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Under California law, any property obtained during a marriage is presumed to be community property. The California Family Code allows for parties to change community property to separate property in certain circumstances, however.

Recently, an appeals court in California held that an interspousal transfer grant deed contained the necessary language to constitute a transmutation of the character of marital property. If you intend to seek a divorce, you should meet with an experienced California divorce attorney to assess the nature of any property obtained by you or your spouse during the marriage.

Ownership of the Property in Question

The husband and wife married one another in January 2010. In May 2010, the wife reportedly purchased a condo. The deed from the seller allegedly transferred the condo to the wife as “a married woman as her sole and separate property.” That same month, the husband signed an interspousal transfer grant deed (ITGD) granting the condo to the wife as her sole and separate property. The money used for the down payment on the condo was from the husband’s separate bank account. The husband filed for divorce in August 2011. The wife claimed the condo was her separate property based on the ITGD. The husband insisted the condo should be his separate property, however, because he paid for the down payment.

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While some people think of a child as only having two parents, that is not always the case. Custody disputes can be acrimonious and complex, but when there are three parties seeking parental rights in a custody case, determining an appropriate custody arrangement can be especially complicated. The guiding concern in all custody cases, however, is what is in the best interest of the child.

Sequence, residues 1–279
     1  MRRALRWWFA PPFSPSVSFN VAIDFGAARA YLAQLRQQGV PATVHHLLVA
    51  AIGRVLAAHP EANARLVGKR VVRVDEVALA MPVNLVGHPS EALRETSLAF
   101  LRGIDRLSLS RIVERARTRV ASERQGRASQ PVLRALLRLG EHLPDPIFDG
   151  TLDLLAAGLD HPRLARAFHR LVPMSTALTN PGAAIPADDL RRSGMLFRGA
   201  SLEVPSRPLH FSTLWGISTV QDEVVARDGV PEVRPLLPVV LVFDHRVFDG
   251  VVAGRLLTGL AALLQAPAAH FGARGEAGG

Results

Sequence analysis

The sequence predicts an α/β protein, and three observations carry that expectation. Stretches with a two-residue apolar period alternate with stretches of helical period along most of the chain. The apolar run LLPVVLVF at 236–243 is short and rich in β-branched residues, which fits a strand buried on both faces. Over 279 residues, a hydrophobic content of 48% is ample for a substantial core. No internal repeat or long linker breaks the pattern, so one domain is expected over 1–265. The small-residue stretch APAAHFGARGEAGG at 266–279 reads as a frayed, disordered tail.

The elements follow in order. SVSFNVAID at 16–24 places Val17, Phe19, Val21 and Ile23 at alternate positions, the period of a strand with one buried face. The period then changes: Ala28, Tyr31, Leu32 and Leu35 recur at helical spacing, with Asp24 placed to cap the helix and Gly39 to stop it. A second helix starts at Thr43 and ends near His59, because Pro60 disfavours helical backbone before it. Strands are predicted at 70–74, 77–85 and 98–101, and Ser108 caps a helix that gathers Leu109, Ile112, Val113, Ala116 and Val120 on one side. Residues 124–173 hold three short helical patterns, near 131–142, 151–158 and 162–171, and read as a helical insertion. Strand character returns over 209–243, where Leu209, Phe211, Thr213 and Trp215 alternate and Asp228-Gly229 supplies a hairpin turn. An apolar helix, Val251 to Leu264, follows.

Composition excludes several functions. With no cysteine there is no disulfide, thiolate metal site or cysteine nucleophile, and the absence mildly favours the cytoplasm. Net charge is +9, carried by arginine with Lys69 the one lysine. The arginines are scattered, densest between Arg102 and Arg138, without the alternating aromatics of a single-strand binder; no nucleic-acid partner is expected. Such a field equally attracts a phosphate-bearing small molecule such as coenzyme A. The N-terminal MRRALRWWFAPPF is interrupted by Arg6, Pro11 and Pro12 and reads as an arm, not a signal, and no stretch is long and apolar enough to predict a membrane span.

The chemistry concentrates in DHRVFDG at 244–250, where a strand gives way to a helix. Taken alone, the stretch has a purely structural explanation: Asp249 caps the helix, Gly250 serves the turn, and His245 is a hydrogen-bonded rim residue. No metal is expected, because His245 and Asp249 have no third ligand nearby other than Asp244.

In a recent case arising from a California Court of Appeals, the court held that due to the child’s bond with three different adults, each adult should be legally recognized as the child’s parent. If you and your child’s co-parent cannot agree on what custody arrangement is in your child’s best interest, you should retain a skilled California child custody attorney to assist you in your pursuit of a suitable custody agreement.

Factual Background 

Reportedly, the husband and wife in question were married when the wife conceived a child with her coworker. The husband and wife remained married but allowed the coworker to have a parenting role with the child. The child subsequently developed a bond with the coworker and his family. The husband and wife then excluded the coworker from the child’s life, after which the co-worker filed a lawsuit seeking parental rights.